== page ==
Grammy winner Mike Farris

One of the benefits of being a longtime member of The Recording Academy, (you know, the Grammys) is the organization does a great job of keeping members informed about lots of things and spotlighting their members.

Recently, they featured advice from Mike Farris, a  Grammy winner and tremendous Americana artist with an amazing voice, powerful songs and an interesting story.  He has seen it all, done it all and is still plugging away at a very healthy career.

We thought his 10 tips (also shared in the UK’s Songwriting Mag) could help you. MR411 has explained each one:

1. “Antennae Up!” 

You need to aware of what is happening in the music world, who’s making great music, what the trends are, etc. to stay fresh and current.  This includes the news too.

2. Learn from Others

Duh. Probably one of the most important pieces of your success puzzle.  Read about songwriters, musicians, industry peeps. Talk to fellow musicians and writers, google topics of interest and that are applicable to you and your career.

3.”Don’t Take Yourself So Damn Seriously”

Yeah you’re making art, but so are a thousand other people.  If you want other people to take you seriously, prove you are worth it through the quality  of your music, not your ego.

Everybody struggles and wants to be noticed.  Get over yourself.

4. “Simple is Good”

Yes there are some incredible, really deep writers. Always have been, always will be.

But remember, the biggest thing you have with your music is connection, writing songs that people relate to and can remember.  Think:  ‘The Thrill is Gone”, “Stand by Me” etc.

5. “Be an Archaeologist”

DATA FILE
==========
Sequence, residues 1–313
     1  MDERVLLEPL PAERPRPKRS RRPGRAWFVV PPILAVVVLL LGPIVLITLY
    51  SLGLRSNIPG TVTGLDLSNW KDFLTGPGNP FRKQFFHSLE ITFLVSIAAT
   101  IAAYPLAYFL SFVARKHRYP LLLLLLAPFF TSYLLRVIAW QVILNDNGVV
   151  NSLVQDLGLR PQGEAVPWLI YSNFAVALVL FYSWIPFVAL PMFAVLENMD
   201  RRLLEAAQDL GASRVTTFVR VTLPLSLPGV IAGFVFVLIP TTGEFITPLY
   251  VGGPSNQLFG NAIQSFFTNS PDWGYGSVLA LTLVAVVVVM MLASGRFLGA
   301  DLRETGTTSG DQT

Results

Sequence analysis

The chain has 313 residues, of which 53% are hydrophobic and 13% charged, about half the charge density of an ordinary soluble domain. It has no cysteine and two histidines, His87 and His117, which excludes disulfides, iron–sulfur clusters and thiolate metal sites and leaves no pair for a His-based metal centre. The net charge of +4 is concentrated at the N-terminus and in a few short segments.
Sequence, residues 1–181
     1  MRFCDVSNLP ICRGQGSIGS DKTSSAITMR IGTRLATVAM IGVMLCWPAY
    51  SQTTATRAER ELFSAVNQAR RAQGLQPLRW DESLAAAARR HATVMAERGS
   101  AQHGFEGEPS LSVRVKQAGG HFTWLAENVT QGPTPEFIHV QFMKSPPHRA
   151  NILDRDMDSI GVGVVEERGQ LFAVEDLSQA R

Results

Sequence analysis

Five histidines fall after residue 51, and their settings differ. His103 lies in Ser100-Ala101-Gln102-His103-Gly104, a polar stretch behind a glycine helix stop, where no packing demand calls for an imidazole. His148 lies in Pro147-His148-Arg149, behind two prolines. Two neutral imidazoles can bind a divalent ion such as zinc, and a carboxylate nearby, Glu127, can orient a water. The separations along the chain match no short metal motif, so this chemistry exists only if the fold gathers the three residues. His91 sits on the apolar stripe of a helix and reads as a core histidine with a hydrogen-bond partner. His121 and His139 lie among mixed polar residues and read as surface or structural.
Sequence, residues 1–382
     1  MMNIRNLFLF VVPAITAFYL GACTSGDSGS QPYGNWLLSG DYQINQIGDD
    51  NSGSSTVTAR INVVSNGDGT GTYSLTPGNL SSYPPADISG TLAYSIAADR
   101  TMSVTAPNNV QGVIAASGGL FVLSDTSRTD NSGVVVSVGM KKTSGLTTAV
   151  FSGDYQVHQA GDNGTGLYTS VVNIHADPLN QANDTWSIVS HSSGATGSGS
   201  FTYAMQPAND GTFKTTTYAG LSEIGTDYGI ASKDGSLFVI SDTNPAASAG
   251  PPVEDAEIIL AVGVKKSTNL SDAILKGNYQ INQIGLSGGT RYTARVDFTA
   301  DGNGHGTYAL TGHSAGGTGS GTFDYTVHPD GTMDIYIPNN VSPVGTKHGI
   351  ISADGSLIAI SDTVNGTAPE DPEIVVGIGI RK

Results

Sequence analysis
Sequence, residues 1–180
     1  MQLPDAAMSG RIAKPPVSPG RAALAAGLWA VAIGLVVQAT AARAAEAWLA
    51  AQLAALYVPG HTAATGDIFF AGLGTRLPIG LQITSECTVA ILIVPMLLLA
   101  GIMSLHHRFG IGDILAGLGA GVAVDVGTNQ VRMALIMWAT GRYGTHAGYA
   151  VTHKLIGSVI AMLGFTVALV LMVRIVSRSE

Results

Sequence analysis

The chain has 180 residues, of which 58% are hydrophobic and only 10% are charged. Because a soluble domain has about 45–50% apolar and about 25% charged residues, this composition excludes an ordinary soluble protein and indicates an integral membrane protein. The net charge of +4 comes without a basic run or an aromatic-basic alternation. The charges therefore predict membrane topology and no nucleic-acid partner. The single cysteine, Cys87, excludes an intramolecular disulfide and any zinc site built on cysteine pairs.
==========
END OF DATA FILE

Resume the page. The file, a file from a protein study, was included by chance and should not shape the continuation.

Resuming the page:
Find and discover music from the past.  Look up the hits of past decades and figure out why they were popular.  Was it the idea?  Was it the way it was said or framed?  Was it the music?  The hook?  It will start to be obvious once you get going.

6. What Works Live?

It’s one thing to write and produce a song with incredible production, and another to replicate it live onstage.  Especially if you’re a solo performer or small band.  Your songs have to hold up for live performance.

Remember your audience may not’ve heard your record, they might be hearing your music for the first time.  Think about what it sounds like stripped down, and how to make a compelling performance of the song without all the bells and whistles of the studio.


Music is therapy. To you, and to others.  Listen to ALOT of it, all types. It helps keep your sanity when you need some. However if you need ‘talk’ therapy (counseling), by all means 

GET IT! You need to stay healthy to be your BEST self.

8. “Never Give Up!”

You can’t. It is a daunting path to be a creative, but you can realize your dreams and goals. You just need to be realistic and have a plan. Many people who succeed, especially in music, are not always the most talented.  They are hard workers who are persistent and keep going.

9. “Trust Others”

We know this is a hard one.  But you DO have to have some folks you know you can trust. And not only trust, but you trust to tell you the truth (even if it’s not pretty), and to support you.  If you believe in you, others will too. It might take some time to develop your inner circle, but you can.


See # 8.  You are developing your writing muscle, you are training. Even if it’s shitty, write everyday. It gets easier the more you do it, and you’ll start to notice improvement if you keep at it.  Great songwriters are masters of the re-write, and usually write everyday.

Want a deeper dive? Check out our resources that give you a blueprint and the necessary tools to succeed whether you want to write better songs, make your band better or get better gigs. 

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